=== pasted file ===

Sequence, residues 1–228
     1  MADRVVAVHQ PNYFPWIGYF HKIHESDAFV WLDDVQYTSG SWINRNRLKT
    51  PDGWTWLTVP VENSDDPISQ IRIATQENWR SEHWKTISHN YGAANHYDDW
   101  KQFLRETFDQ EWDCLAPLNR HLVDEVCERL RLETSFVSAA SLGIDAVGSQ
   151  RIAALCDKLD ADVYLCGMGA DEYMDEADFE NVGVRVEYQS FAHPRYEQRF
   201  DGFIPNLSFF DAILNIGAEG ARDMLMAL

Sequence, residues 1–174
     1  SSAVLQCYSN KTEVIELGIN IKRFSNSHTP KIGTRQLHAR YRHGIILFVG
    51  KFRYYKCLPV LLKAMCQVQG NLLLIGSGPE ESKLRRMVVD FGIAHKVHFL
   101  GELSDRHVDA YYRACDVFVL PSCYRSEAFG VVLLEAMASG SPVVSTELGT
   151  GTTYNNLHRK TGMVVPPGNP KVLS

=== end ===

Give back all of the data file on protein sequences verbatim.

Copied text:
Sequence, residues 1–228
     1  MADRVVAVHQ PNYFPWIGYF HKIHESDAFV WLDDVQYTSG SWINRNRLKT
    51  PDGWTWLTVP VENSDDPISQ IRIATQENWR SEHWKTISHN YGAANHYDDW
   101  KQFLRETFDQ EWDCLAPLNR HLVDEVCERL RLETSFVSAA SLGIDAVGSQ
   151  RIAALCDKLD ADVYLCGMGA DEYMDEADFE NVGVRVEYQS FAHPRYEQRF
   201  DGFIPNLSFF DAILNIGAEG ARDMLMAL

Sequence, residues 1–174
     1  SSAVLQCYSN KTEVIELGIN IKRFSNSHTP KIGTRQLHAR YRHGIILFVG
    51  KFRYYKCLPV LLKAMCQVQG NLLLIGSGPE ESKLRRMVVD FGIAHKVHFL
   101  GELSDRHVDA YYRACDVFVL PSCYRSEAFG VVLLEAMASG SPVVSTELGT
   151  GTTYNNLHRK TGMVVPPGNP KVLS